Glimpses of Israel - Lake Kinneret


The Sea of Galilee, also known as Lake Kinneret, is nestled in the Jordan Valley, between the Golan Heights and the hill country of Galilee.  The Kinneret is fed by the River Jordan, and the melting snows of Mt Hermon, in the north.  Whilst the Kinneret is Israel's main fresh water source it is supported by underground coastal and mountain aquifers.

In December 2002, Israel was facing its worst water crisis, with the water level almost 1.5m (4.9ft) lower than the accepted "red line" – the danger level.  Weather forecasters predicted a lower than average rainfall for January and February (the remainder of the winter season).  Adding to the anxiety was the construction, in Lebanon, of a pumping station, by the Hezbollah terrorist organization which threatened Israel's immediate future survival.  The situation did not look good!

But the God of Israel had other plans.  With staggering record falls in January and February, the water crisis was not only averted but Israel's Water Commission began pumping water from the Kinneret into the almost empty aquifers.  In the Land where miracles are a daily occurrence, the LORD continues to display His goodness toward His people, Israel.  This is because they have returned home, exactly as foretold.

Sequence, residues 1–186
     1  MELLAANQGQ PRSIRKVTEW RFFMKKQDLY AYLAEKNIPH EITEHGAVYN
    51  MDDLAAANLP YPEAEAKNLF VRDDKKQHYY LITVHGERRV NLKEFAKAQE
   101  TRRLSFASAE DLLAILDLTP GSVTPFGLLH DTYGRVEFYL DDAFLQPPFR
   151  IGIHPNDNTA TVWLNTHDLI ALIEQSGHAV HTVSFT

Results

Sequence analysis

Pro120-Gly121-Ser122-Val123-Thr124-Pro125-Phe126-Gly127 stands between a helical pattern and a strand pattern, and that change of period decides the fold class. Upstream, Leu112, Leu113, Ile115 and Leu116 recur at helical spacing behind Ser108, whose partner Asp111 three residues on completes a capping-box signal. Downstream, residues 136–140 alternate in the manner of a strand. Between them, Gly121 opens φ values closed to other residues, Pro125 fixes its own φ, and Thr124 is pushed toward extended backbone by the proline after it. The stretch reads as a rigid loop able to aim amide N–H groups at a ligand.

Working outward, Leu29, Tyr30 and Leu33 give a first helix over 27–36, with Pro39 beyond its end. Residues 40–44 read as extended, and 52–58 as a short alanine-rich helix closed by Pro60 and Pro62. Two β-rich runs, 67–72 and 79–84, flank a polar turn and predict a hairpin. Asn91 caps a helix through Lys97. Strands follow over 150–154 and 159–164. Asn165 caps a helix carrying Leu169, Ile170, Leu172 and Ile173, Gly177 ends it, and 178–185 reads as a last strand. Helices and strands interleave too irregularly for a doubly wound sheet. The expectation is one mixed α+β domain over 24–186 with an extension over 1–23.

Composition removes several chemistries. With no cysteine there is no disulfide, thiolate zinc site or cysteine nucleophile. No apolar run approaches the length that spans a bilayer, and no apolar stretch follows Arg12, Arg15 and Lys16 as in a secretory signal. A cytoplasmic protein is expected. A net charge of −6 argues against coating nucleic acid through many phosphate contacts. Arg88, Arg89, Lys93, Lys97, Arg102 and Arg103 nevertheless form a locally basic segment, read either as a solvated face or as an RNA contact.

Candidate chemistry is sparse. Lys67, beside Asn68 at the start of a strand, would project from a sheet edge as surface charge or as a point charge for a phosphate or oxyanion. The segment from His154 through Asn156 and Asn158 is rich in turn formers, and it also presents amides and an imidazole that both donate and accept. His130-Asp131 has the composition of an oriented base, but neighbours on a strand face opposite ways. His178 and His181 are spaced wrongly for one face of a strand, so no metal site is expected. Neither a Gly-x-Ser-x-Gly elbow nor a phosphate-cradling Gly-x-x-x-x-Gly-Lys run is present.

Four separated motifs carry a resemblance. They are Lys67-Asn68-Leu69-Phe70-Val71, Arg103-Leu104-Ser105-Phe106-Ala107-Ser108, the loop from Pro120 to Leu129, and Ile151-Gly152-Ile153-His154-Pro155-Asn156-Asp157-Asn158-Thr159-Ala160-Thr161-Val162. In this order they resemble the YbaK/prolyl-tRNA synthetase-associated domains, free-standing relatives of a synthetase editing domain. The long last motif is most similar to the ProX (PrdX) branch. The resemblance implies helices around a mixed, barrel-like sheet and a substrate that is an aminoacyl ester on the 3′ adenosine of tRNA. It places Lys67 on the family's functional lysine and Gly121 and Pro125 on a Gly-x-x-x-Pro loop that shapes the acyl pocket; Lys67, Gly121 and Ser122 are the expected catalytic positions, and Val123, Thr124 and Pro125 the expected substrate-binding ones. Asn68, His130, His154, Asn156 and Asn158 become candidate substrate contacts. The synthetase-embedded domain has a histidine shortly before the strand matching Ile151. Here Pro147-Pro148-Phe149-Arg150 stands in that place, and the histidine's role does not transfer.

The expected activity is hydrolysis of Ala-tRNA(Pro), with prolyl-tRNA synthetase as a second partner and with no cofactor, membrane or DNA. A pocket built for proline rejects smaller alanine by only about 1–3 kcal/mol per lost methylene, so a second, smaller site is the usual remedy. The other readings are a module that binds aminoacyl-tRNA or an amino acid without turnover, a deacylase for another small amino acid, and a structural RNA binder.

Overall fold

During the days of Joshua, the LORD instructed His people, Israel, to take possession of the Land surrounding the Kinneret, including the land they captured from the kings on "the other side of the Jordan . . . . ", as well as " . . . all the eastern Jordan plain"  (Joshua 12:1).  Over the centuries, the region's growth and prosperity fluctuated, depending on the presence of the Jewish community. 

During the days of the Messiah, the region was densely populated with the devout and orthodox.  The Messiah taught thousands as they came from surrounding towns and major centres to gather on the shores of the Kinneret to hear Him and see the miracles He performed.  A restored 1st century boat is on display at Nof Ginossar, which was uncovered by the receding Kinneret caused by the drought in 1986.

Today, thousands of tourists visit towns and sites located on the shores of the Kinneret which include Capernaum, Tiberias, Nof Ginossar, and Migdal.